The court in Garbell upheld the district court's attorney's fees award because "Garbell had misled the patent office by suppressing relevant evidence of prior publications . . . [and] he did not make a reasonable assessment of the possibilities of infringement before bringing suit." Id.
The district court in the case before us found that Rodstein committed fraud on the Patent Office by: (1) failing to call the Cobra sander to the attention of the Patent Office while prosecuting the '134 patent application, (2) misrepresenting to the Patent Office that he had achieved balance between the piston and the shoe in the '134 patent, (3) misrepresenting the Viking sander's balance, (4) misrepresenting that he was the sole inventor of the '134 sander, and (5) failing to cite the Sumida prototype as prior art.
In addition, it found that Rodstein and Rodac committed fraud on the court by inducing it to grant a preliminary injunction on affidavits which contained misrepresentations.
On the basis of these frauds the district court held this case to be "exceptional" within the meaning of § 285.
Rodstein and Rodac challenge this conclusion as unsupported by the district court's findings. With respect to some of the frauds on the Patent Office, the findings state that Rodstein "knew or should have known" the pertinence of the prior art which he failed to disclose. And the findings relating to Rodstein's fraud on the court state that Rodstein "knew or should have known" that his representations in the affidavit were false.
This language, argue Rodstein and Rodac, describes simple negligence and cannot therefore support the district court's conclusions of fraud and, in turn, "exceptionalness."
It is true that simple negligence does not constitute an "exceptional" case and therefore will not support an award of attorney's fees; however, conduct short of fraud and in excess of simple negligence will suffice. Maurice A. Garbell, Inc. v. Boeing Co., 546 F.2d at 300; Monolith Portland Midwest Co. v. Kaiser Aluminum Chemical Corp., 407 F.2d 288, 294 (9th Cir. 1969). The difficulty with Rodstein and Rodac's position is that although the phrase "knew or should have known" usually connotes negligence, its use in the district court's findings is ambiguous. And elsewhere are explicit findings of Rodstein's intent to deceive. Thus, there is an apparent conflict in the findings with respect to Rodstein's state of mind.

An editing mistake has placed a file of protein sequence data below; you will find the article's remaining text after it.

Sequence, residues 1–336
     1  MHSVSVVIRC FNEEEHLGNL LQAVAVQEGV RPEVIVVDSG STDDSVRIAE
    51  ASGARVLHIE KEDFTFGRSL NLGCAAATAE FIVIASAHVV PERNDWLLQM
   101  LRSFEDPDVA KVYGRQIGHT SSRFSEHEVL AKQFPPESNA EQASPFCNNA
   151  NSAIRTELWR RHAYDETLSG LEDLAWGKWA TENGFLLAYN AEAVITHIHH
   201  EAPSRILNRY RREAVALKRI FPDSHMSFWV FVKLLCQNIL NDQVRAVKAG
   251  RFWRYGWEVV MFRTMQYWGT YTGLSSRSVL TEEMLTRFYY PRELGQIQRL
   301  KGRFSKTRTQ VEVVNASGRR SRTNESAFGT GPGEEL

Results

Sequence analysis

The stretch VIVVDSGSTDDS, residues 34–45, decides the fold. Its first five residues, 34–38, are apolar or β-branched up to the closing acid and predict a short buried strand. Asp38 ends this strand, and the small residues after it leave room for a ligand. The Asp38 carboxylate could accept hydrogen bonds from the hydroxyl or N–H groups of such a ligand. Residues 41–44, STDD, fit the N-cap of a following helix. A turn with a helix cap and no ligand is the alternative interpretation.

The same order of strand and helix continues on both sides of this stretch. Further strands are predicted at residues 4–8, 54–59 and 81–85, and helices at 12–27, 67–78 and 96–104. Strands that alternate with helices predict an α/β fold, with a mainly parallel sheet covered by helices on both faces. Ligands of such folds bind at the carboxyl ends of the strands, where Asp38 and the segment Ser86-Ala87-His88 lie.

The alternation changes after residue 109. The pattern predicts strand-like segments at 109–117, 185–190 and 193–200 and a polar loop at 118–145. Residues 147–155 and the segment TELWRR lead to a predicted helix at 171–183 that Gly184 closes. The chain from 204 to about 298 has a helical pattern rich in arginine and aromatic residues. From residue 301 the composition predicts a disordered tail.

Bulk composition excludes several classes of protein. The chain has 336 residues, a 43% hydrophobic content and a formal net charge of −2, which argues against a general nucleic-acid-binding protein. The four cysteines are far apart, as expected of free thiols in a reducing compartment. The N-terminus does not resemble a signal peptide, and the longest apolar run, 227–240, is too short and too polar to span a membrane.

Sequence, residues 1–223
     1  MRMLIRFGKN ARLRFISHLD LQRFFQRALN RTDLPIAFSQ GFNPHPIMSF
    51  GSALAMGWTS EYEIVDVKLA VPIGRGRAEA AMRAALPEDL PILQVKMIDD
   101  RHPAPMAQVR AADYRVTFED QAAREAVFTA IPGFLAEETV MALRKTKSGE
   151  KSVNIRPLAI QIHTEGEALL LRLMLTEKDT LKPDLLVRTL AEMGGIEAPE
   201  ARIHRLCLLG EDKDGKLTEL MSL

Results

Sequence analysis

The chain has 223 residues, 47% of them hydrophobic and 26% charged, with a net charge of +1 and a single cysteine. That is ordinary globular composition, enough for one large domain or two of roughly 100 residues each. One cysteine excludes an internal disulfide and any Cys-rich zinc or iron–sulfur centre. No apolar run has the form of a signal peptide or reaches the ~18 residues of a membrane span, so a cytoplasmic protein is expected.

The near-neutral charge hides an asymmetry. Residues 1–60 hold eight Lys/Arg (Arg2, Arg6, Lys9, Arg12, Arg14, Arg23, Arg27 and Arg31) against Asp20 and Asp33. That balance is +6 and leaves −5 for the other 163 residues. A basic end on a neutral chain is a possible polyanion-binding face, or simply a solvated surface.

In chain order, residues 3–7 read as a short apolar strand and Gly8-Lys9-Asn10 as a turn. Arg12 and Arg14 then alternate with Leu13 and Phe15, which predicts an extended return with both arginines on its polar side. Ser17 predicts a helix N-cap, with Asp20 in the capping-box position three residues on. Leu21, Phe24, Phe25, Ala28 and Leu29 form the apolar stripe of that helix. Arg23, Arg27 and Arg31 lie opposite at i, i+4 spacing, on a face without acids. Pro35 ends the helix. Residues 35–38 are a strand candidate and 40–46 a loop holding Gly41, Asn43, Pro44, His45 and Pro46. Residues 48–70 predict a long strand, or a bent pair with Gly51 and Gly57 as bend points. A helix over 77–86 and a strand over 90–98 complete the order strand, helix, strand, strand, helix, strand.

Although some of these findings are set forth under the caption "Conclusions of Law," they nonetheless constitute findings of fact and may be treated as such. E. g., Elmore v. United States, 404 F.2d 56, 57 n.[FN*] (6th Cir. 1968); see Ohlinger v. United States, 219 F.2d 310, 311 n.2 (9th Cir. 1955).
Even though, as noted earlier, these findings were actually authored by counsel for Mayview, they are as much the court's findings as if the judge had prepared them himself. Glens Falls Ins. Co. v. Satree, 320 F.2d 92, 95 n.6 (9th Cir. 1963). It seems that this conflict in the findings may have been derived from the district court's own earlier memorandum decision. In its discussion of one of the "particularly flagrant abuses of the patent process," the district court stated in its memorandum decision:
The failure of Rodstein to cite the Cobra [sander as prior art] can only be construed as an intent to deceive or at most [ sic] a reckless disregard of the consequences since the '134 patent would not have issued if the Patent Office knew of the Cobra. The failure of Rodstein to call to the attention of the Patent Office significant prior art which was known and which he should have known would affect patentability of the '134 patent constitutes a fraud on the Patent Office.
(Emphasis added.) Although the phrase "known and should have known" is somewhat abstruse it most likely was used to mean that the significant prior art was known by Rodstein, and that he should have known it would affect patentability.